I have to admit that it was a little depressing to read it. It’s scary to think about spending your money down until you have nothing left and you are on the streets. We have all kinds of social safety nets that will catch us in 2008 that didn’t exist in 1898. But I think it’s good to be depressed sometimes. It reminds me that poverty exists, that I need to help do something about it, and that I may be closer to the streets than I think.
Yesterday was our neighborhood hollyhock festival–not to be vain, but it was pretty much conceived and executed by yours truly. I got the volunteers for the food and games, bought all the prizes, food, paper goods, etc. and it went really well. I was on tv for the second time this week. I didn’t watch the first time, because it made me realize I look like someone who has had a stroke and needs plastic surgery. I watched it this time, and it wasn’t too bad, and I didn’t sound totally retarded. But I don’t want to sound like I can’t get people mobilized. There were a bunch of us who set up tables, chairs, cleaned, got the popcorn machine, and so on.
I would say about 100 people came–free sandwiches, drinks, popcorn, cookies. Can’t wait for the 3rd year.
The hollyhocks were not blooming as fully as I would have liked at the park–mine are in full bloom. The photo above shows my blooms on the side of my house.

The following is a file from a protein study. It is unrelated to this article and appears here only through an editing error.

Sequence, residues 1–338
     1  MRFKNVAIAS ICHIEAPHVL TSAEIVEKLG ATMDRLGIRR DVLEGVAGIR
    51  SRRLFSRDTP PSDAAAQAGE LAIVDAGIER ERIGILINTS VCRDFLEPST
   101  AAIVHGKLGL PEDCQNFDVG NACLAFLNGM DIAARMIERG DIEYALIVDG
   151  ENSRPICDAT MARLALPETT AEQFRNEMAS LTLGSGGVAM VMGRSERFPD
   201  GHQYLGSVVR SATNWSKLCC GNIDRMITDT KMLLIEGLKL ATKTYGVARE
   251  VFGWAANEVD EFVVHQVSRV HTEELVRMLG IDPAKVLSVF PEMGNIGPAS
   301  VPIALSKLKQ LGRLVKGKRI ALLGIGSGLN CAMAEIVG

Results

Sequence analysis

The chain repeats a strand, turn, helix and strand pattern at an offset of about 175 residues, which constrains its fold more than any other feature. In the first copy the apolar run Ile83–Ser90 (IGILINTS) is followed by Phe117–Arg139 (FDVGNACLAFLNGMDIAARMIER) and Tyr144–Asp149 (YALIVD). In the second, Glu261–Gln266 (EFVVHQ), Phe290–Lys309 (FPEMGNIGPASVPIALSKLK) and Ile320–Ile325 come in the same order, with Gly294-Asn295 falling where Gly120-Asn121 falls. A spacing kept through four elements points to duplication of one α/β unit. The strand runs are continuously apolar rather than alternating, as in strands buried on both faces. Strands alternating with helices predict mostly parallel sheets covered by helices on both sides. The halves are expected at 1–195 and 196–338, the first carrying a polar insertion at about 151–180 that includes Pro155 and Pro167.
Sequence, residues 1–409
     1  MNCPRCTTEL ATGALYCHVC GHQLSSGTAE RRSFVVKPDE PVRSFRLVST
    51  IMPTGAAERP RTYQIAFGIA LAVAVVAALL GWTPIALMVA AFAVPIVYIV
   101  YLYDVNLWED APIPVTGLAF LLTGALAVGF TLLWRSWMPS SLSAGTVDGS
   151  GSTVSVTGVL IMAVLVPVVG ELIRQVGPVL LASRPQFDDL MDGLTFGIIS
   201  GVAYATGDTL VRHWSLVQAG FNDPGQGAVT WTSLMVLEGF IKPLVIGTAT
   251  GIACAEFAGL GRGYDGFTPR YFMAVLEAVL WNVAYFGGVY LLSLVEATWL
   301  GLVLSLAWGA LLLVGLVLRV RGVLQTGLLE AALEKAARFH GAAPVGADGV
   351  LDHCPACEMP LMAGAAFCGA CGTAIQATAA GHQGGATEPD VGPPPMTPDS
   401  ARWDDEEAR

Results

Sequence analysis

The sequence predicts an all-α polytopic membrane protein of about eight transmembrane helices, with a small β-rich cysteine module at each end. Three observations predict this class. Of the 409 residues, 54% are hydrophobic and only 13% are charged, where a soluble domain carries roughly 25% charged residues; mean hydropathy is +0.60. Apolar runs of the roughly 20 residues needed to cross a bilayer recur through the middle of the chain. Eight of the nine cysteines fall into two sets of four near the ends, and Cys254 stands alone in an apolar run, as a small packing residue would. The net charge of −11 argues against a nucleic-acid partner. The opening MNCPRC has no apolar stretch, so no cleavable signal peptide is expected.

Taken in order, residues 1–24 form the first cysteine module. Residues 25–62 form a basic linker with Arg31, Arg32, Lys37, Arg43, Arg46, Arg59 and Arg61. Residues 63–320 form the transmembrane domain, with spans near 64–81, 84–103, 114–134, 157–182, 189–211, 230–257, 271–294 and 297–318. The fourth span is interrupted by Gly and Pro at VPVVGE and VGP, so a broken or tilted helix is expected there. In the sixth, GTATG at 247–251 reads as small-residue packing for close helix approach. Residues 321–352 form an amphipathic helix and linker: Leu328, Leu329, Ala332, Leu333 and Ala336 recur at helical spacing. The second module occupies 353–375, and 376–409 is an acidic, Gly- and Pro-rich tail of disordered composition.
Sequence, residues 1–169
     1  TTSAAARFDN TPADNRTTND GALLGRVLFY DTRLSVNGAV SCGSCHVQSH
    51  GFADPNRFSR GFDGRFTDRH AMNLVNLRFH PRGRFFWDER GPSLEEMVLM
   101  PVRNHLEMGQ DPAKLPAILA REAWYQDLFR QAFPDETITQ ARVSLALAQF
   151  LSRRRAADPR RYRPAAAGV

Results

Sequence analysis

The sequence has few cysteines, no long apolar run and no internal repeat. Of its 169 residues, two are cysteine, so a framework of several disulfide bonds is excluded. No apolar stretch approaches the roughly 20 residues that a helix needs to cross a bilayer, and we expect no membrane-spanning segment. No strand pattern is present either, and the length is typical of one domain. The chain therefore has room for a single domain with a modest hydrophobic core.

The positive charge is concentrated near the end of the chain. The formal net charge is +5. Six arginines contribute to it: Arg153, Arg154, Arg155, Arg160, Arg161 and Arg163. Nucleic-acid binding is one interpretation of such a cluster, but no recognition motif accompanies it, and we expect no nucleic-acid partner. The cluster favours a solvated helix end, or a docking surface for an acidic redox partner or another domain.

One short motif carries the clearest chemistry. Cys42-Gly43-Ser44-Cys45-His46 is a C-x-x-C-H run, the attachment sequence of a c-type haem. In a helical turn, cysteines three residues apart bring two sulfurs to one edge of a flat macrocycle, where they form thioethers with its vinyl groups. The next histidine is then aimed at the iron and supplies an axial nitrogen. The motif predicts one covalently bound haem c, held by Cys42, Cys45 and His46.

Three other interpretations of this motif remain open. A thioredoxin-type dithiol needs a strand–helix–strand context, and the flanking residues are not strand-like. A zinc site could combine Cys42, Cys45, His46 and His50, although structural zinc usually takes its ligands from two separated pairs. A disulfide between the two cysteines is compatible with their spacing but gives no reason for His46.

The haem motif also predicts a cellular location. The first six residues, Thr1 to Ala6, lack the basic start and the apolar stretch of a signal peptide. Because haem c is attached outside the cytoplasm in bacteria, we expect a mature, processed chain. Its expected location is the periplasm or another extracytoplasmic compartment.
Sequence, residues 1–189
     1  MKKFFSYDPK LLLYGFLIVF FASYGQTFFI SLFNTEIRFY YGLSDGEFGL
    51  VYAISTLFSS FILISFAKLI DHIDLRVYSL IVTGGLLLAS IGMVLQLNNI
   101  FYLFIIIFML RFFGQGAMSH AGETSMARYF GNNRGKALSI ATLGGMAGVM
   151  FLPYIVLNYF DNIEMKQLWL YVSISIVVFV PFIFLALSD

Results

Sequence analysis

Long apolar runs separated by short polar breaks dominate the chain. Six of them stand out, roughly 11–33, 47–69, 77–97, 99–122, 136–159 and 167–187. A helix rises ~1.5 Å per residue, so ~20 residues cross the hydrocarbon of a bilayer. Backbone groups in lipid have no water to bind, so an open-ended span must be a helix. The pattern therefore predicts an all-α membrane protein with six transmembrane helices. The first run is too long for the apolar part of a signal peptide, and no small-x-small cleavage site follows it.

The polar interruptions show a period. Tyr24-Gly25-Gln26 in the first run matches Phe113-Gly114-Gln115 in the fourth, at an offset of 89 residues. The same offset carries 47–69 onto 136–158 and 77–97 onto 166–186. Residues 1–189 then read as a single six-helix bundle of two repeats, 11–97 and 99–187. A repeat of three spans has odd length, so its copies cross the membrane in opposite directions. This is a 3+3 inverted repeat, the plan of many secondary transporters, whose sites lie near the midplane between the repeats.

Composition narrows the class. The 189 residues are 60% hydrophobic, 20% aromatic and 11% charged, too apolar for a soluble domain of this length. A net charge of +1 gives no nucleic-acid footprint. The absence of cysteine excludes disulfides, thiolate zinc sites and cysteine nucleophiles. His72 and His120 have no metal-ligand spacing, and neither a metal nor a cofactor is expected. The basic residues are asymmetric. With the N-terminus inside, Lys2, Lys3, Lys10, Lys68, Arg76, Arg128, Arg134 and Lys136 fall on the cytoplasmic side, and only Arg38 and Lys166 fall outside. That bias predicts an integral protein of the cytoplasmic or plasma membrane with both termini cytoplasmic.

This is a new plant in my garden–foxglove, otherwise known as digitalis. It’s right next to some coral bells (another favorite). I planted them from seeds last year, but they didn’t bloom until this year. It was definitely worth wating for.
This interesting photo was taken a couple of days ago when we were unloading the previously mentioned two tons of stuff from my dad’s house. One of the things I brought was a round oak table that is in perfect shape, in part because the round table top was protected from damage by round plastic tablecloths with elastic around the edges. Well, as we were unpacking, said tablecloths were found by Mike, and he said, “What the heck are these? Giant shower caps?” This necessitated the three goofballs (otherwise known as Liz, Mike, and Patty) to wrap towels around themselves and put the tablecloths over their heads. At least the neighbors already know we’re crazy.
In the background you can see the cool ABF relocube that our stuff came in–kudos to ABF–they were wonderful! All I have to do now is drive Sarah’s stuff to Dayton and all will have been distributed. Liz and I will do that on Saturday.